"We had that conversation with parents explaining to them that this is a technology high school, and the goal is to make their son or daughter leaders in the field of technology," she said.
Howerton has high hopes for what CAAT can do for area youth and noted that students might enter the school at different levels of academic achievement.
"The public school education that they have received today has failed them, and so we've developed an instruction method and curriculum that we think can accelerate the learning process for those kids who are several grade levels behind," Howerton said.
Even though the academy is a contract school, it still falls within the Chicago Public Schools jurisdiction, so it's automatically received about $7,400 per student from public funding. More money was needed to finance programs like the mentorships and the acquisition of some instructional technology. Hancock said as of August 2009, the academy had raised hundreds of thousands of dollars in outside financing from various donors, including many of the sponsor organizations that belong to the Illinois Technology Association. This money has been enough to support instruction for the first-year freshman class, but more fundraising will be needed to support successive school years, the summer program and mentor programs. The academy's Web site still lists requests for donations.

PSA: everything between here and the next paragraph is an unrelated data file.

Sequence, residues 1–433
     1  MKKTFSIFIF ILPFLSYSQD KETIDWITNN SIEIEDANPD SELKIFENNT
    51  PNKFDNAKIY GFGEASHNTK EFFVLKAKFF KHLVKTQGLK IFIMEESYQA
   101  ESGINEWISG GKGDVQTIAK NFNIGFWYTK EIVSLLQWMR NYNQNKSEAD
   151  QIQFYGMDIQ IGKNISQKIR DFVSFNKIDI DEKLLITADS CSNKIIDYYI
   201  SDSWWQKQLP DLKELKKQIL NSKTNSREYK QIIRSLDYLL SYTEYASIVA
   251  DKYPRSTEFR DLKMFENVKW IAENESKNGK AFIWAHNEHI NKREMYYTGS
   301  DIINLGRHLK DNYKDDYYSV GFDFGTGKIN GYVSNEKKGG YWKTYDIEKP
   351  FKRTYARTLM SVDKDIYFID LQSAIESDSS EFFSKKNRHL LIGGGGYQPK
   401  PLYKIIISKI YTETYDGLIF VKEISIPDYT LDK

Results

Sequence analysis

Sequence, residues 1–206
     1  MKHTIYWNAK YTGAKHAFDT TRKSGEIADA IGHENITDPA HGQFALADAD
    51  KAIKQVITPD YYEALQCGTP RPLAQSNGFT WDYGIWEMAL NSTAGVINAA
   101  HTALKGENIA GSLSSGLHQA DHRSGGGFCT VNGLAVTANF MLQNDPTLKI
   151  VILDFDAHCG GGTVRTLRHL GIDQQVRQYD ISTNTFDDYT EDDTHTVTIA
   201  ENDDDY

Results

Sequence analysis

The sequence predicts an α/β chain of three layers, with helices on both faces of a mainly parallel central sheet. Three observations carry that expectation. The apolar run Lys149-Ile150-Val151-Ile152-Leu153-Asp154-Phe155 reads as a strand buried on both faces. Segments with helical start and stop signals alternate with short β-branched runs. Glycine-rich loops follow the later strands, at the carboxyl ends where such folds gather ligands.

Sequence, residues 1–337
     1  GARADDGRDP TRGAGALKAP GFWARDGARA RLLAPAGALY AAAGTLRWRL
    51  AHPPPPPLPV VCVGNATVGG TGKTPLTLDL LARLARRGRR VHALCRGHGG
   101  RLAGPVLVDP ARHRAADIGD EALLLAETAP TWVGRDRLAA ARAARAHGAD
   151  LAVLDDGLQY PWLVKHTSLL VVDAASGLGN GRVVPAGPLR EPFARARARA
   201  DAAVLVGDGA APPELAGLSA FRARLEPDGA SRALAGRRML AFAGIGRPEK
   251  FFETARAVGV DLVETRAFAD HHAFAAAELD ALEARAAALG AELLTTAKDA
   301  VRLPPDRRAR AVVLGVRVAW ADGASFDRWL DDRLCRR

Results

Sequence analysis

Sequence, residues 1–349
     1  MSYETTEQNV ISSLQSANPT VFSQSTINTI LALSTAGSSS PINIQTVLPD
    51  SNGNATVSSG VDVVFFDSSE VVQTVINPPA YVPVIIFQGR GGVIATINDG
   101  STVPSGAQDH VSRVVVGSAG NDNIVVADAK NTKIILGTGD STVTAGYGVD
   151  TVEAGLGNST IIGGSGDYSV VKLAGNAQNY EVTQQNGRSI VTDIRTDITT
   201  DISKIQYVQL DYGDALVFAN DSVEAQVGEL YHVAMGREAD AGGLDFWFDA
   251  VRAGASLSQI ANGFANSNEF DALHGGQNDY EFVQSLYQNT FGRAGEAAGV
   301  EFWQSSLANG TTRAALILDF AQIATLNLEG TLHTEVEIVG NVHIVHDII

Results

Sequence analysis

"What we think we're doing has an opportunity for real systemic change, not only in the instruction methods, which are, in and of themselves, unique not only in the way we organize and the curriculum we're presenting, but also in the general concept of increasing the number of stakeholders in public education," Howerton said. "Giving private-sector leaders an opportunity to give back and play a role in public school education is a fundamental opportunity for systemic change."